Except...y'know...they don't. But never let something as trivial as reality spoil a good political narrative.


    EDIT: I can't fix the markups, but I think you get my point...
  12. Kimball_Kinnison Force Ghost

    Member Since:
    Oct 28, 2001
    star 6
    That should fix them. You just needed to put spaces between the different link tags so that they don't all run together.

    Kimball Kinnison
  13. Jedi Merkurian Episode VII Thread-Reaper

    Manager
    Member Since:
    May 25, 2000
    star 6
    Thanks! [face_coffee] Whenever I "previewed" the edit, they showed up as correct [face_monkey]
  14. Fire_Ice_Death Chosen One

    Member Since:
    Feb 15, 2001
    star 7
    [face_laugh] Nicely done, KK. But yeah...J-Rod's 'common sence' (sic) would work in a perfect world. Maybe. I know you have this naive view that if the rich are happy that they'll gladly throw everyone a bone, but the reality is that when the rich get more money all they do is save that money. They don't invest it into their companies or in improving employee conditions. Most of the time it's that the employees suffer so they can make more money and that they can continue collecting more money. But you go right ahead and use your 'common sence' (sic) I'm sure it might work in your favor some day. Some day.
  15. J-Rod Force Ghost

    Member Since:
    Jul 28, 2004
    star 5
    First Merk, you are talking about corporations, I was talking about individuals. Second, and the article alluded to this, uncertainlty about the future of tax hikes is keeping corporations from risking capital. It practically supports my point.

    Sure FID didn't bother to read it, but he doesn't care about what's right or wrong. He just likes to make claims that the Repuiblicans are racist and agree with anything, no matter how wrong, so long as he can hold it for his side.
  16. Fire_Ice_Death Chosen One

    Member Since:
    Feb 15, 2001
    star 7
    I read the articles, but thank you for bringing up irrelevant info. But yes, the current Republican leadership doesn't do much to change that perception that they're a bunch of bigoted, racist, redneck followers who will do anything to screw everyone but themselves over. So thanks again for proving my point. [face_peace]
  17. Jedi Merkurian Episode VII Thread-Reaper

    Manager
    Member Since:
    May 25, 2000
    star 6
    From the 1st link:
    From the 2nd article:
    In other words, even if the economy improves, their likely course of action is to put even more money into their own pockets. How 'bout the 3rd article:
    The notion that if we just let "rich people" have more money and they'll just uplift everyone else out of the (collective) goodness of their hearts is pure fantasy. George H.W. Bush called shenanigans on Reagan back in 1980, calling it "voodoo economics." Unfortunately, that Big Lie has been perpetuated for 30 years, and no amount of mere fact can be allowed to contradict this talking point.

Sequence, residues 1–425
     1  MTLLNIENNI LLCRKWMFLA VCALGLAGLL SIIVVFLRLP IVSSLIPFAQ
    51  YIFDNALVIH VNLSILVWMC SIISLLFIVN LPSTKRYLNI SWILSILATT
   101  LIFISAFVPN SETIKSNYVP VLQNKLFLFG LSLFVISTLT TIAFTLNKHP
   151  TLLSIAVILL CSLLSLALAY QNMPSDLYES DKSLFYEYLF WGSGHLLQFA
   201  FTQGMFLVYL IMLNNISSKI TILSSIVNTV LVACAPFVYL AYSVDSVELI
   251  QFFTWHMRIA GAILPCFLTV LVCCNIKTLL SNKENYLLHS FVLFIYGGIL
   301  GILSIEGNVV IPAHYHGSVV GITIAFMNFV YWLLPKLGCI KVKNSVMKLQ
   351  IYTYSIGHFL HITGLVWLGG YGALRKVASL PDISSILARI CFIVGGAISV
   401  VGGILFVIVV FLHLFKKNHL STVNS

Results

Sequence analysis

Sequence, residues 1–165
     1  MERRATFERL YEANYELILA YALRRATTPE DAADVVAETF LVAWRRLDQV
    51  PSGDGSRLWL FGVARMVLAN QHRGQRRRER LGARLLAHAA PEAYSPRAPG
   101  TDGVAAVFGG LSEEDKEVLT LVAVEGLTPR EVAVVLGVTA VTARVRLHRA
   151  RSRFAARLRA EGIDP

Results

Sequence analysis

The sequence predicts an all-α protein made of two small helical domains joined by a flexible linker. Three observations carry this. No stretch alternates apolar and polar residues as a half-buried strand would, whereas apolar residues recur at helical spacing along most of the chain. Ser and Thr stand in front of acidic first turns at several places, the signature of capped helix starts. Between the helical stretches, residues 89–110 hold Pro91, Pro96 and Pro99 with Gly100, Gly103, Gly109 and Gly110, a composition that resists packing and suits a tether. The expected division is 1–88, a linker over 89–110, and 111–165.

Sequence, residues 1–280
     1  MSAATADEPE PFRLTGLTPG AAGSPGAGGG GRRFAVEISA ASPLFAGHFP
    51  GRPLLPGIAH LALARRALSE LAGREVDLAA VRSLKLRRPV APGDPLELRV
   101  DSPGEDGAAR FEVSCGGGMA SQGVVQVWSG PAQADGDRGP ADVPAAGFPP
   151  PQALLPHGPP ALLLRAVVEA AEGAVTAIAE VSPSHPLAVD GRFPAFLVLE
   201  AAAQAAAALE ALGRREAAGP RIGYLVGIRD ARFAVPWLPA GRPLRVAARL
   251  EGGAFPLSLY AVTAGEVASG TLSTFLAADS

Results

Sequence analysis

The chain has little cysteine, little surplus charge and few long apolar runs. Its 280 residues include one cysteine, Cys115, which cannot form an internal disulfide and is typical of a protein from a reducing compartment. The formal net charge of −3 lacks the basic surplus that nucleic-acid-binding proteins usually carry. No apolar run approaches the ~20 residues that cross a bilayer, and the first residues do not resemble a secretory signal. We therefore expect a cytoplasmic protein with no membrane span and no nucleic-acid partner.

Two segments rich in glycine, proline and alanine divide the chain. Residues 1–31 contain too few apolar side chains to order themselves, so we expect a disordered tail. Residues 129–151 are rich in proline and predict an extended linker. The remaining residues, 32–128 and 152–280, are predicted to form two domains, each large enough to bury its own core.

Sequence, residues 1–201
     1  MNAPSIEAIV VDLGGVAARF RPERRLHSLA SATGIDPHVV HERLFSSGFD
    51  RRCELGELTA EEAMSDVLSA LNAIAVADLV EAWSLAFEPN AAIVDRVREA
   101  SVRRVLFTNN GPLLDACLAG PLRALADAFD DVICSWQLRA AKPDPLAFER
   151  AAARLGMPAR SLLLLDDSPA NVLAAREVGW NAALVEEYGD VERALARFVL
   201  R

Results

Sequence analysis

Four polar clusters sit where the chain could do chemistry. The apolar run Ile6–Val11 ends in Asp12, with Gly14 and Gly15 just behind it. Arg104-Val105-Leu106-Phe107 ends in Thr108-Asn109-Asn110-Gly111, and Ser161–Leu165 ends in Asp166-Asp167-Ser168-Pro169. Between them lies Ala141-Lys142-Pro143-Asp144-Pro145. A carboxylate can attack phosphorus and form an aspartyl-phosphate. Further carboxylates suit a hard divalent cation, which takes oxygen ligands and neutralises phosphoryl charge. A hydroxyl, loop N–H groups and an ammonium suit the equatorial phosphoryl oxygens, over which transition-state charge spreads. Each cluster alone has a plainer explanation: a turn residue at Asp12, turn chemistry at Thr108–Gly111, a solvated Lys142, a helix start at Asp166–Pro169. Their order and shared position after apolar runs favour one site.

Trickle-down/voodoo economics Do. Not. Work.



  18. Alpha-Red Force Ghost

    Member Since:
    Apr 25, 2004
    star 5
    I was just looking up "gray fallacy" on Wikipedia, was clicking around and got to this article. It was written back in '06, but I think he's 130% on the mark. Obviously a few things came to mind, notably healthcare, the tax cut extension, and how Democrats have somehow become these evil socialists trying to take away people's constitutional freedoms.

  19. Fire_Ice_Death Chosen One

    Member Since:
    Feb 15, 2001
    star 7
    Well, everybody points that out to people and nobody buys it. Soo...'Murcans be stupid.
  20. Vaderize03 Manager Emeritus

    Member Since:
    Oct 25, 1999
    star 5
    I'm fairly certain that any real attempts to ban birth control will be met with such a crushing pushback from everybody but the most fringe of society that the GOP will be fractured from the attempt.

    They have been trying to tie birth control to abortion since the 1960s, and it hasn't worked. John Ashcroft tried this early in the decade, when he issued subpoenas to NYC Presbyterian Hospital and its' affiliate women's health clinics for the medical records of all women who were on birth control, regardless of age. His rationale was that the Justice Department needed the data to make it's case against late-term abortion procedures. Not only did the hospital refuse, the request was slapped down immediately by federal judges.

    I still maintain that it was social issues that started the flight from the GOP in the mid-90s, and then financial issues accelerated it and took over as the defining factor. Social issues tend to fall behind the economy when the economy is poor, but almost always get dragged up whenever either party wins a majority for reasons having nothing to do with said issues. The GOP anti-abortion caucus, for example, is getting ready to attach restrictions across the board to just about every bill that they can get away with.